RIO DE JANEIRO – The A word, Abortion, there are few more emotionally charged issues in society today. It has been a divisive flash-point in the U.S., legal since the 1973 Roe v. Wade U.S. Supreme Court decision. Abortion is currently illegal in Brazil, except if the pregnancy puts the life of the woman in danger, or if the pregnancy is the result of a rape.
The punishment in Brazil for a woman who performs an abortion on herself, or consents to an abortion performed by another is based in one to three years of detention.
A 2007 poll found that 65 percent of Brazilians believe that their country’s current law “should not be modified”, sixteen percent that it should be expanded “to allow abortion in other cases”, ten percent that abortion should be “decriminalized”,… and five percent were “not sure”.
It is not a new concern fueled by modern sin, induced abortion can be traced to ancient times. Evidence to suggest that, historically, pregnancies were terminated through a number of methods, including the administration of mysterious herbs, the use of semi-sharpened implements, the application of abdominal pressure, and other crude techniques.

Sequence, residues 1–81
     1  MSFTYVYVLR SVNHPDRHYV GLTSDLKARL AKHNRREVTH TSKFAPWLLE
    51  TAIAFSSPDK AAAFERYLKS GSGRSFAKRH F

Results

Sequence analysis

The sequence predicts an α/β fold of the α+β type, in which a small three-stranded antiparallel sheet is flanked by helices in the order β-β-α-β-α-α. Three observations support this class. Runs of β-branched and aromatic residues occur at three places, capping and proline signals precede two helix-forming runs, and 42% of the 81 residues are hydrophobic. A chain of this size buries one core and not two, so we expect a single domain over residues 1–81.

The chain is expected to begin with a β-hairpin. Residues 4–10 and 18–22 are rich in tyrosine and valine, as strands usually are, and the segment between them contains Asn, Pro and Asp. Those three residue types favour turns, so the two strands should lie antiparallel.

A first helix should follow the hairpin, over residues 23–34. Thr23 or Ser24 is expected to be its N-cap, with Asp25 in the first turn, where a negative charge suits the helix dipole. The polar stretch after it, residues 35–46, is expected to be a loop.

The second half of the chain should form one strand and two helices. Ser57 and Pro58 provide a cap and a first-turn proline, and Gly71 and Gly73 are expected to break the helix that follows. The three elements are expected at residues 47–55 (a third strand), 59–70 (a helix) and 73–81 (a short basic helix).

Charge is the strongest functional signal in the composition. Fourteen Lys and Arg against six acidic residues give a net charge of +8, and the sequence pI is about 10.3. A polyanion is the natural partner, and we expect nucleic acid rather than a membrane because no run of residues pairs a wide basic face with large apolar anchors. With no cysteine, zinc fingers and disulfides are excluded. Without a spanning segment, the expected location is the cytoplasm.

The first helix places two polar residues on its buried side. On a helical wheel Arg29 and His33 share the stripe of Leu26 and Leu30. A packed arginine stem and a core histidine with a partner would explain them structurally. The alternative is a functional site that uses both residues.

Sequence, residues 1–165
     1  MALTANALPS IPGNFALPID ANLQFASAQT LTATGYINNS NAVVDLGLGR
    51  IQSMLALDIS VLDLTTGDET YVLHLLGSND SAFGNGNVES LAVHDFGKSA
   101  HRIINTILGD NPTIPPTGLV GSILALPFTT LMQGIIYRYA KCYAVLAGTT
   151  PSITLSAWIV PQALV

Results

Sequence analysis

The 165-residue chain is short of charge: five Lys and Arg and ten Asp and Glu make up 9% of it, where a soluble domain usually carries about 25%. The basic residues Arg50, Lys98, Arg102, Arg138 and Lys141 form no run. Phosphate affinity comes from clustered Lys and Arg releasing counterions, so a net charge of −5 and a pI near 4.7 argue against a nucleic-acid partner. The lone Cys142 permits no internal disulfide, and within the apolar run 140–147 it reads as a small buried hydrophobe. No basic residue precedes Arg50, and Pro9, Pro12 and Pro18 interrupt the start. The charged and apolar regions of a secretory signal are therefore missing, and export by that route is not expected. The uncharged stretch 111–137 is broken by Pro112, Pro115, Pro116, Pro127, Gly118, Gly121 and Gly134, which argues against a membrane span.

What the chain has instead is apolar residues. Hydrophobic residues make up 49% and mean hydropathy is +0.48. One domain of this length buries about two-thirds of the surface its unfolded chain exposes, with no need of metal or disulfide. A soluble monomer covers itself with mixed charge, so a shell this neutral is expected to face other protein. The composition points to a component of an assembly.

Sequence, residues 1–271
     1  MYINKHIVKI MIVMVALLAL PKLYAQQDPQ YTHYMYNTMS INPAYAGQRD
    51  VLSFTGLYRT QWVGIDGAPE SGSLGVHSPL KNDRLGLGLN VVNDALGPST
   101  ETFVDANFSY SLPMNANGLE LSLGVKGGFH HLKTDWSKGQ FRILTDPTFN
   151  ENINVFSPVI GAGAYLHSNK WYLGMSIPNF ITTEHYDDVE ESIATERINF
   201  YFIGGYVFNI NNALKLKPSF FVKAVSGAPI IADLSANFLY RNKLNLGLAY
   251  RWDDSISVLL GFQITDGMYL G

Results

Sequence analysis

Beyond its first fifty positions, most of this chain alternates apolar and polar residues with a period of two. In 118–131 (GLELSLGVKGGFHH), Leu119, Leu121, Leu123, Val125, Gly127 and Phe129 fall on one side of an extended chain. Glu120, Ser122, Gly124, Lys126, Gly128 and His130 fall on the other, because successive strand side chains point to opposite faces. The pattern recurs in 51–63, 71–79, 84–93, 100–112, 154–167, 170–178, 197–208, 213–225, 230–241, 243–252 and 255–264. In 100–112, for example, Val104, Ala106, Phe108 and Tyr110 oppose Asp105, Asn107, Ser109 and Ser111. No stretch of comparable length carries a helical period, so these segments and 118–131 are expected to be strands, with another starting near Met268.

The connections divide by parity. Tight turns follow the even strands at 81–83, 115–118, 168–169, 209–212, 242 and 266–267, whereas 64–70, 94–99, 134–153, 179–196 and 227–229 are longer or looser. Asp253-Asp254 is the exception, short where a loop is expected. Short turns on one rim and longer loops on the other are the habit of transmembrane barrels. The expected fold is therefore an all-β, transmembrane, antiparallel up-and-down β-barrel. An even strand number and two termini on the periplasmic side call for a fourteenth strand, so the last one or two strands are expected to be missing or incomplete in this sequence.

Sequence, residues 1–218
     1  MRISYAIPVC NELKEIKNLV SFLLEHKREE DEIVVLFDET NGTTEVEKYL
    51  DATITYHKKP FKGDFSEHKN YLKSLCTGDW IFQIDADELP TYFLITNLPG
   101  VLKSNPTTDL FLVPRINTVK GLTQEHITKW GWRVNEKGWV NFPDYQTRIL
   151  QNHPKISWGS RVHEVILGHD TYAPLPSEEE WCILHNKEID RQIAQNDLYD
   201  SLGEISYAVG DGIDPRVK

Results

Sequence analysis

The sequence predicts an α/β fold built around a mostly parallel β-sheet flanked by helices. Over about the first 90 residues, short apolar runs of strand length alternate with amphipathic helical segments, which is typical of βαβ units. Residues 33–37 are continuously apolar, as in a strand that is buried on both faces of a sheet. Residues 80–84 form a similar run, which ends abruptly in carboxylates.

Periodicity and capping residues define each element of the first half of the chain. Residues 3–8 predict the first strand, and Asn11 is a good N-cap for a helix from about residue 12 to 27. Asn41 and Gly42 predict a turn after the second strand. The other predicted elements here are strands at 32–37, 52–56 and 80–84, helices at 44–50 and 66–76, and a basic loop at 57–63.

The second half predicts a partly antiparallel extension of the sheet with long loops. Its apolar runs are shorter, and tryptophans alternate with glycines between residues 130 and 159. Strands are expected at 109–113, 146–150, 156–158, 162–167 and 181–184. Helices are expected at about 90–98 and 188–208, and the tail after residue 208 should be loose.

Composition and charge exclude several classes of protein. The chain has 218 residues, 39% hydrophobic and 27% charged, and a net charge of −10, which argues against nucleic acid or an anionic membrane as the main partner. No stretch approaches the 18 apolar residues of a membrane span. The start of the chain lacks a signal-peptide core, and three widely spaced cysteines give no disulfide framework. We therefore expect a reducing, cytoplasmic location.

Abortion is a global issue (along with war, famine, and the destruction of our environment) involving the opposing “pro-life” and “pro-choice” worldwide social movements. Thankfully it seems, incidence of abortion has declined internationally, presumably because access to education and contraceptives has increased. The abortion incidence in the U.S. declined 8 percent from 1996 to 2003.
A 1998 report from 27 countries, on the reasons women seek to terminate their pregnancies are less sensationalistic then proponents would suggest. The report concluded that common factors cited: desire to delay or end childbearing, concern over the interruption of work or education, issues of financial or relationship stability, and perceived immaturity.
A key point to abortions is when they can occur, and in the U.S. it is determining when the fetus is “viable” outside the womb as a measure of when the “life” of the fetus is its own (and therefore subject to being protected by the state). Apparently this is placed at about seven months (28 weeks). In Europe, abortion is usually only allowed up to twelve weeks (eighteen weeks in Sweden, 21 weeks in the Netherlands, 24 weeks in Great Britain).
It strikes me odd that so many men have such strong feelings about it, as although it is a team effort, a woman’s role in the ordeal seems dramatically more involved. While there is a point in which an abortion is clearly more gruesome, and potentially immoral, in the early stages it seems a humane and socially beneficial option. But then again, I’ve never had one.